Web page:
[A friend of mine] writes: Tim Bray is now a paid cheerleader for google/android so you may take his comments as just marketing speak. I found them interesting though. Apple’s approach to software on the ipad is something I find preposterous. I arrived at that conclusion on my own, but it’s now interesting to see that there are others who are similarly leery of a rather full fledged computer which so brazenly serves the needs of its maker over those of its owner.
David, it seems more and more to me like you are not really thinking about these issues. It is harder and harder for me to have an open discussion with you because, well, you are acting more like a religious fanatic than a studious researcher trying to figure out the best way to get something done.
John Gruber writes: What’s interesting here is that the iPhone is a better system for HTML5 mobile apps than Android. For all the attention Apple is getting regarding the tight control it maintains over native iPhone apps, I think what they’ve done to enable native-like mobile web apps — with no control — is mostly ignored.
Look, I can not defend bad decisions by Apple. I get that they are making it difficult for Open Source folks to publish their NATIVE apps on the iPhone. But you have to be very clear about what Apple is limiting. It is ONLY limiting what is sold in the App Store that Apple runs. If you want to sell things through Apple’s store, you have to follow Apple’s rules. I get that you do not like this and see few benefits. I do not like it but see loads of good things coming out of this decision. You and I need to agree to disagree.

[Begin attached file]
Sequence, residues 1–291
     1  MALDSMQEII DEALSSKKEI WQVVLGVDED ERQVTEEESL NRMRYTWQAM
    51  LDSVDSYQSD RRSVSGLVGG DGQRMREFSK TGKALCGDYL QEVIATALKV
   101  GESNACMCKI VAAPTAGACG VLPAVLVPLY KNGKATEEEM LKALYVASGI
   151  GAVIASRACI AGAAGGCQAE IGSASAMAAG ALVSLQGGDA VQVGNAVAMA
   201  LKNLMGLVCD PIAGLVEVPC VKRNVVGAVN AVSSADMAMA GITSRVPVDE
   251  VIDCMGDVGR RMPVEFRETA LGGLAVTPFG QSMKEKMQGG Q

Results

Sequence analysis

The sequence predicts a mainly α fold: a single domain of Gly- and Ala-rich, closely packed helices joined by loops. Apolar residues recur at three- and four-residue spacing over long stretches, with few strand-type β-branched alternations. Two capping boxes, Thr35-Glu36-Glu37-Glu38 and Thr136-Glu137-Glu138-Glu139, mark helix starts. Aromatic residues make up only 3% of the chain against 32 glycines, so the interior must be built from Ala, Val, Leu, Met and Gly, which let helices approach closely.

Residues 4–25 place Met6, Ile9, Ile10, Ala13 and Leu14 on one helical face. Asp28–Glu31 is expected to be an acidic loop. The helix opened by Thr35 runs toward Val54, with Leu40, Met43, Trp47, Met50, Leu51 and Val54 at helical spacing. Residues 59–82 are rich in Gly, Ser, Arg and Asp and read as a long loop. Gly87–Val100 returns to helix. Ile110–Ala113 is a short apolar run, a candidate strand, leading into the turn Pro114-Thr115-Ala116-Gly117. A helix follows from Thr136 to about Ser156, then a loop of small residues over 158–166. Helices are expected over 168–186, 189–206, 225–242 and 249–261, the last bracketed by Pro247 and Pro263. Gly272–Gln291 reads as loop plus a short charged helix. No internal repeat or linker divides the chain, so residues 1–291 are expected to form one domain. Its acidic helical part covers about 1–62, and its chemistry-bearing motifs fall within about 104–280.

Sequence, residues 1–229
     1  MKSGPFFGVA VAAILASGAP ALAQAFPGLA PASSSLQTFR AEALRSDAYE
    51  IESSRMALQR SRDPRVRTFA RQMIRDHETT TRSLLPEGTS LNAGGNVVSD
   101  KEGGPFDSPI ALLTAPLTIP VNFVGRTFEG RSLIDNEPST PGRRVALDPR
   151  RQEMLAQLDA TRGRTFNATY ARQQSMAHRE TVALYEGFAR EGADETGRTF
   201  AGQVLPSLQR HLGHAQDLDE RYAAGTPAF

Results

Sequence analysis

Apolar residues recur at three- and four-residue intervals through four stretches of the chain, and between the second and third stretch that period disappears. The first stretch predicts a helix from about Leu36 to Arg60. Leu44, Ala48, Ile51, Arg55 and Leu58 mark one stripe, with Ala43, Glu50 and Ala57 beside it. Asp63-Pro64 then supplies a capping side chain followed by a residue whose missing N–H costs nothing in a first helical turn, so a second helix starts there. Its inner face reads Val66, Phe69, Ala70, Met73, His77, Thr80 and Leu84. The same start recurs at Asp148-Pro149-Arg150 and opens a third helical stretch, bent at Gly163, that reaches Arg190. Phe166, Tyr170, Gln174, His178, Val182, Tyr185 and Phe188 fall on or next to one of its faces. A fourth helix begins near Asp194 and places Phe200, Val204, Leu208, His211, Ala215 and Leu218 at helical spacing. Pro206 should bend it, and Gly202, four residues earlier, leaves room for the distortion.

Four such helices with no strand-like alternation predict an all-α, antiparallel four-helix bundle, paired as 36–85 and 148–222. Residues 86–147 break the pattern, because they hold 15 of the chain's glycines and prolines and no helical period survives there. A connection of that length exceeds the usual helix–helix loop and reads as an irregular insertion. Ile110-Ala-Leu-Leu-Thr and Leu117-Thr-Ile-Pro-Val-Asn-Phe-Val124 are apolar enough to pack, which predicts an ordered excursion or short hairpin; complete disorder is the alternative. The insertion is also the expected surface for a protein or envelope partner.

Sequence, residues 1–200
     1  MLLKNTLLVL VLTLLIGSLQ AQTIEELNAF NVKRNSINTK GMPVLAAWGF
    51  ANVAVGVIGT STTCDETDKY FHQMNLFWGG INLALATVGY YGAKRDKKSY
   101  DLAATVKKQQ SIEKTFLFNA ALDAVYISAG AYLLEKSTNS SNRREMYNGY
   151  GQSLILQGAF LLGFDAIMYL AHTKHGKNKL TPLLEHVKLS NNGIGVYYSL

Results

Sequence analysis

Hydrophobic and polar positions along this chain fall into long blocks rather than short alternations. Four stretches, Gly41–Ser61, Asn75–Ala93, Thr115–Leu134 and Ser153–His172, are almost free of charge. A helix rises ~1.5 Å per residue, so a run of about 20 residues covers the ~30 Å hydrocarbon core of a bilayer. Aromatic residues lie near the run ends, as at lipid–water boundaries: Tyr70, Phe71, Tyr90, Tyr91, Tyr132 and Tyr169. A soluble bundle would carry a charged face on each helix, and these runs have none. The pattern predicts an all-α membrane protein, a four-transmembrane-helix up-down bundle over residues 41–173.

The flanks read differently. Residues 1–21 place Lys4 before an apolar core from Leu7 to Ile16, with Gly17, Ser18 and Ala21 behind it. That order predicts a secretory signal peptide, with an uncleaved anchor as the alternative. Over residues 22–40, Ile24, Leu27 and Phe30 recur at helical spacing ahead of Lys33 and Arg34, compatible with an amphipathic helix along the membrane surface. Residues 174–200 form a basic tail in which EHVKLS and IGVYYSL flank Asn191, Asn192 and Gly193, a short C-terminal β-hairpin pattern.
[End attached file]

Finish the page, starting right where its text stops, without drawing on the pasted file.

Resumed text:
Apple is the first company to pass the ACID2 test for its browser. It has pushed HTML5 compliance long before Google and M$ (and most people feel that they do a better job at it). Their contributions to WedKit are stellar and, guess what, now (because of Apple!!), non-M$ mobile devices ALL USE WebKit-based browsers. Nokia has taken Apple’s code and ported it to their Symbian browsers! Hell, Chrome uses WebKit.
Tim Bray writes: The iPhone vision of the mobile Internet’s future omits controversy, sex, and freedom, but includes strict limits on who can know what and who can say what.
If you want to know, it is bullsh** like this that ends my interest in having a real discussion.
This link has a much more balanced take on the whole thing. I suggest you read it.
Look, I am not saying you are wrong. I am simply saying that if you want to make a case against Apple, you need to stick to the facts and look clearly at the trade-offs. I plan to release all of YVOD’s iPhone/iPad work Open Source because I believe Open Source is the future. Apple allows me to legally do this.